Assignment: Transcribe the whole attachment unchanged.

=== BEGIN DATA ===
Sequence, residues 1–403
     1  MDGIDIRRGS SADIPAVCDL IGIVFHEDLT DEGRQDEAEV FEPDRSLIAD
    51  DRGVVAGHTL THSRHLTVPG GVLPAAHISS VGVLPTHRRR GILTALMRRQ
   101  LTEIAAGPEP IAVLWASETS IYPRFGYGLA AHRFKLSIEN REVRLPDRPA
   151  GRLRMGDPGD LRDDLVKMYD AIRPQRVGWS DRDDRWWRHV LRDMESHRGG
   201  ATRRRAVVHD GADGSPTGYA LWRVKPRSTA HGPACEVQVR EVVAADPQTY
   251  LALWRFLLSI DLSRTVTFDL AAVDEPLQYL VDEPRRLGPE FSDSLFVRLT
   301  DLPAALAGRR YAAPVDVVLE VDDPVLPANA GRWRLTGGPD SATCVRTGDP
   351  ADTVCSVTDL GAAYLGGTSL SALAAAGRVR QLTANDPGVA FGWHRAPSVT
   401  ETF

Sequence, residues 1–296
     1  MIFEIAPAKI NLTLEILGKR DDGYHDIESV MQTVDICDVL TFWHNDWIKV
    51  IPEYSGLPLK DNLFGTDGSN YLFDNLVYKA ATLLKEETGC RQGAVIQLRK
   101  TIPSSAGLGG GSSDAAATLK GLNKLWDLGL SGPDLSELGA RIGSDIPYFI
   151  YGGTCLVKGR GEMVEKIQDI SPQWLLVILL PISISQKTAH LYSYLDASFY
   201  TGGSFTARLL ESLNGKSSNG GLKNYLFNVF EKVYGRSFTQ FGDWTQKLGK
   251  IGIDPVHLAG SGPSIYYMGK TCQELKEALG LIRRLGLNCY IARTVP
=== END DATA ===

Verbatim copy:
Sequence, residues 1–403
     1  MDGIDIRRGS SADIPAVCDL IGIVFHEDLT DEGRQDEAEV FEPDRSLIAD
    51  DRGVVAGHTL THSRHLTVPG GVLPAAHISS VGVLPTHRRR GILTALMRRQ
   101  LTEIAAGPEP IAVLWASETS IYPRFGYGLA AHRFKLSIEN REVRLPDRPA
   151  GRLRMGDPGD LRDDLVKMYD AIRPQRVGWS DRDDRWWRHV LRDMESHRGG
   201  ATRRRAVVHD GADGSPTGYA LWRVKPRSTA HGPACEVQVR EVVAADPQTY
   251  LALWRFLLSI DLSRTVTFDL AAVDEPLQYL VDEPRRLGPE FSDSLFVRLT
   301  DLPAALAGRR YAAPVDVVLE VDDPVLPANA GRWRLTGGPD SATCVRTGDP
   351  ADTVCSVTDL GAAYLGGTSL SALAAAGRVR QLTANDPGVA FGWHRAPSVT
   401  ETF

Sequence, residues 1–296
     1  MIFEIAPAKI NLTLEILGKR DDGYHDIESV MQTVDICDVL TFWHNDWIKV
    51  IPEYSGLPLK DNLFGTDGSN YLFDNLVYKA ATLLKEETGC RQGAVIQLRK
   101  TIPSSAGLGG GSSDAAATLK GLNKLWDLGL SGPDLSELGA RIGSDIPYFI
   151  YGGTCLVKGR GEMVEKIQDI SPQWLLVILL PISISQKTAH LYSYLDASFY
   201  TGGSFTARLL ESLNGKSSNG GLKNYLFNVF EKVYGRSFTQ FGDWTQKLGK
   251  IGIDPVHLAG SGPSIYYMGK TCQELKEALG LIRRLGLNCY IARTVP